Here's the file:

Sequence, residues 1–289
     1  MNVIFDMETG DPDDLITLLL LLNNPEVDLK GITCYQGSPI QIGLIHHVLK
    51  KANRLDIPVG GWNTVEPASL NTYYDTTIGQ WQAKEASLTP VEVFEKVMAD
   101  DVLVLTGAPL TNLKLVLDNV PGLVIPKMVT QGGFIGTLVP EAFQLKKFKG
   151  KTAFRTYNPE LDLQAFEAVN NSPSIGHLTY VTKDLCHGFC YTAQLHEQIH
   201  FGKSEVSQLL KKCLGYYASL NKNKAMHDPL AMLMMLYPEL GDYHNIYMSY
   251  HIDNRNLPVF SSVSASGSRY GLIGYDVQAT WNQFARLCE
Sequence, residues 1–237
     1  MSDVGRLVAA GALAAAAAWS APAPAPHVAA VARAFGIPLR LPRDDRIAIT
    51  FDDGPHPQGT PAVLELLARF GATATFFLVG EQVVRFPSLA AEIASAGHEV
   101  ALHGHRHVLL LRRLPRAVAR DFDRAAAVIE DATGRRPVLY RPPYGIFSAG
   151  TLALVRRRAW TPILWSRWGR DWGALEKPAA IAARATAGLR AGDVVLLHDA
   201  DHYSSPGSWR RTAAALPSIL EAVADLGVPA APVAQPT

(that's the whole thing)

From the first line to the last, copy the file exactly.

Sequence, residues 1–289
     1  MNVIFDMETG DPDDLITLLL LLNNPEVDLK GITCYQGSPI QIGLIHHVLK
    51  KANRLDIPVG GWNTVEPASL NTYYDTTIGQ WQAKEASLTP VEVFEKVMAD
   101  DVLVLTGAPL TNLKLVLDNV PGLVIPKMVT QGGFIGTLVP EAFQLKKFKG
   151  KTAFRTYNPE LDLQAFEAVN NSPSIGHLTY VTKDLCHGFC YTAQLHEQIH
   201  FGKSEVSQLL KKCLGYYASL NKNKAMHDPL AMLMMLYPEL GDYHNIYMSY
   251  HIDNRNLPVF SSVSASGSRY GLIGYDVQAT WNQFARLCE
Sequence, residues 1–237
     1  MSDVGRLVAA GALAAAAAWS APAPAPHVAA VARAFGIPLR LPRDDRIAIT
    51  FDDGPHPQGT PAVLELLARF GATATFFLVG EQVVRFPSLA AEIASAGHEV
   101  ALHGHRHVLL LRRLPRAVAR DFDRAAAVIE DATGRRPVLY RPPYGIFSAG
   151  TLALVRRRAW TPILWSRWGR DWGALEKPAA IAARATAGLR AGDVVLLHDA
   201  DHYSSPGSWR RTAAALPSIL EAVADLGVPA APVAQPT